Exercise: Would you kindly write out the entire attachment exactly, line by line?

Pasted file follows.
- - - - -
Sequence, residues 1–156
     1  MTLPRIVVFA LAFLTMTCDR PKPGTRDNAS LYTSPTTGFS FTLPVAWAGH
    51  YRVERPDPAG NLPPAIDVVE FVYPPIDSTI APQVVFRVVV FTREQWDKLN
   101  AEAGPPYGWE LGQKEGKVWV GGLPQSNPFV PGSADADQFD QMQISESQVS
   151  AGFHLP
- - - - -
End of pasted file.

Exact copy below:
Sequence, residues 1–156
     1  MTLPRIVVFA LAFLTMTCDR PKPGTRDNAS LYTSPTTGFS FTLPVAWAGH
    51  YRVERPDPAG NLPPAIDVVE FVYPPIDSTI APQVVFRVVV FTREQWDKLN
   101  AEAGPPYGWE LGQKEGKVWV GGLPQSNPFV PGSADADQFD QMQISESQVS
   151  AGFHLP